Smith, Long plan hearing to better understand federal river program
ST. LOUIS — U.S. Reps. Jason Smith and Billy Long announced Monday afternoon that the House Natural Resources Committee is conducting a hearing later this month to understand why the White River watershed initially was designated a National Blueways System.
The hearing, called “Stopping Federal Land and Water Grabs: Protecting Property Rights from Washington, D.C. Edicts,” will be July 29 in West Plains, Mo.
The National Blueways system was created in 2012 by an order from Ken Salazar, Secretary of the U.S. Department of Interior. According to the Department’s website, rivers that are part of the program are “nationally significant, large river systems supported by diverse stakeholder partnerships that use an integrated and adaptive watershed approach to resource stewardship.”
Earlier this year, the White River was designated a Blueway designation, according to the St. Louis Post-Dispatch, but it was later rescinded due to complaints from residents and policy makers.
“The West Plains hearing will give private property owners the opportunity to express their concerns with the Blueways designation and other federal land and water programs,” Smith, a member of the House Natural Resources Committee, said. “The hearing will be Missouri’s chance to hold the Obama Interior Department’s feet to the fire and finally get answers to how the Blueways System originated.”
Smith called the Blueways System “the tip of the iceberg” of President Barack Obama’s administration’s “assault on rural Missouri.”
According to a release from Smith’s office, the letter that the two congressmen wrote requesting the hearing included the following questions for the Department of Interior:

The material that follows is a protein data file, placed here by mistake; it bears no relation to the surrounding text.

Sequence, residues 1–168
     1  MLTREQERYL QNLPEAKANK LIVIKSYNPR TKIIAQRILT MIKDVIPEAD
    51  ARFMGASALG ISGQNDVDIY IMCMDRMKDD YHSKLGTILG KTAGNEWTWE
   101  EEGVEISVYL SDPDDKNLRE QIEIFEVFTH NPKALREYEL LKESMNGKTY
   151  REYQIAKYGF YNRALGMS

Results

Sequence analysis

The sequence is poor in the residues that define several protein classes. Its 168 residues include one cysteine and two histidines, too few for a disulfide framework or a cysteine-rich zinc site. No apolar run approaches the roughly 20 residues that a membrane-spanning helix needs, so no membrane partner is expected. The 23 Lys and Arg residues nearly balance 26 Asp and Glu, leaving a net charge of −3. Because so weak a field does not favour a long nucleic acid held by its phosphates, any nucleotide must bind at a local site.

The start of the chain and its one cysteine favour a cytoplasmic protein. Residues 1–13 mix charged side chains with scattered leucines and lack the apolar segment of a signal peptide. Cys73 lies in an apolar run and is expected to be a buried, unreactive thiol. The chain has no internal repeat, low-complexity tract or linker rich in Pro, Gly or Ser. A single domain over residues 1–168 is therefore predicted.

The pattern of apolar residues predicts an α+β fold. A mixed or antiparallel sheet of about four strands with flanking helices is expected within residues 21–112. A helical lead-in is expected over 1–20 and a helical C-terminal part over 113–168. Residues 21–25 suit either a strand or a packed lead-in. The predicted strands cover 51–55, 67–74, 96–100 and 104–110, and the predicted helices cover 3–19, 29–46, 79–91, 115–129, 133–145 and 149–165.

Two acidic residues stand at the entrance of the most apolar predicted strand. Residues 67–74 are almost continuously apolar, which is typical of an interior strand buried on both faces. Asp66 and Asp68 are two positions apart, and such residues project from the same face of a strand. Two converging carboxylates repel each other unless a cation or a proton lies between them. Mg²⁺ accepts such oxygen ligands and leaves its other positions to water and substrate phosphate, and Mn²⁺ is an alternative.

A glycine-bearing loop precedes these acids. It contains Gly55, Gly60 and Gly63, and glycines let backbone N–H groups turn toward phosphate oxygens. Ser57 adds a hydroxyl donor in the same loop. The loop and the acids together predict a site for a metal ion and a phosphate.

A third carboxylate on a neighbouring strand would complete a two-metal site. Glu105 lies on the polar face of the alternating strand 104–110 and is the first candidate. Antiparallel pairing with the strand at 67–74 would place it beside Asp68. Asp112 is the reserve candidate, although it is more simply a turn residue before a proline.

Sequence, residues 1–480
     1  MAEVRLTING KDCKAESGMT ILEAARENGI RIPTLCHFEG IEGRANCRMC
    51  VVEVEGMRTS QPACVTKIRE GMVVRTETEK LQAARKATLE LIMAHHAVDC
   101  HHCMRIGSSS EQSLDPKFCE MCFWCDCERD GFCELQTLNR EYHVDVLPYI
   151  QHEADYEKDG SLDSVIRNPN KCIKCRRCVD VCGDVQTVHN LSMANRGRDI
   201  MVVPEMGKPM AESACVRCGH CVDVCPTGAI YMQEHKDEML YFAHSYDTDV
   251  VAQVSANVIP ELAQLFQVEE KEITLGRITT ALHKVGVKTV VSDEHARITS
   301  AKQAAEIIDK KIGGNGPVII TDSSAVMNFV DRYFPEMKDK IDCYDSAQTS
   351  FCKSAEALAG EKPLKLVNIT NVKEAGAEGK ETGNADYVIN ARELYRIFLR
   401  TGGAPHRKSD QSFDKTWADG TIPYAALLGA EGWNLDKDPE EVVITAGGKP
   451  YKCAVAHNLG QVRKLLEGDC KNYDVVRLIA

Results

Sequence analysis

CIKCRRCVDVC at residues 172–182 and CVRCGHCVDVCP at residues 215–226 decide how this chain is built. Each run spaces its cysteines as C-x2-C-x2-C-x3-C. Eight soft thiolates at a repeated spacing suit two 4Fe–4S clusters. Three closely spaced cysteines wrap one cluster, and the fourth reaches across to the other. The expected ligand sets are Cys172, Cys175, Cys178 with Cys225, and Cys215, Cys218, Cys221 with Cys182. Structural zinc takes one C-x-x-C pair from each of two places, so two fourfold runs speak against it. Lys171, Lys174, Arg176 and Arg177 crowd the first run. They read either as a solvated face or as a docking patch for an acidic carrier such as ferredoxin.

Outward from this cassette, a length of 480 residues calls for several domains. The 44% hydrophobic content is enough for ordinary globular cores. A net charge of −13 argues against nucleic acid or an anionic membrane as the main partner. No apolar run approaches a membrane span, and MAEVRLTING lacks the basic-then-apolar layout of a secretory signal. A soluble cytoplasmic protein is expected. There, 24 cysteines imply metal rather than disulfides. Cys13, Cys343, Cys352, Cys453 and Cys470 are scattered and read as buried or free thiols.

- 1. How states can opt-out of the Blueways program — which, according to the Blueways website, rivers are nominated by their “stakeholder partners”
- 2. How much the program costs and how the Department is paying for it
- 3. The “legal authority that the Administration is using to justify the unilateral creation” of the program
- 4. The program’s benefits
- 5. “An explanation for the insufficient, closed-door review process that was used to justify the White River designation”
“Earlier this month Southwest Missourians won an important victory when the U.S. Department of the Interior rescinded the National Blueway designation for the White River watershed.,” Long said in a statement. “There are still unanswered questions about the Interior Department’s Blueway program and their actions. We need these questions answered to help other states should the department take similar action on other rivers and watersheds across our nation.”
Benefits of the program, according to the Blueways System Overview document, include national recognition, marketing help, a cooperation agreement between federal agencies and opportunities for federal technical or monetary assistance.
Missouri state Rep. Shawn Rhoads, R-West Plains, said he looks forward to the meeting coming to his hometown and thinks it will be informative to local residents.
“I have a lot of folks that would really like to know how it [was designated], so it won’t happen again,” Rhoads said. He said the County Commissioners hosted a meeting about the issue a month ago which brought about 70 to 80 interested citizens out to learn more.
The meeting will be at 1 p.m., July 29 in the theater of the West Plains Civic Center.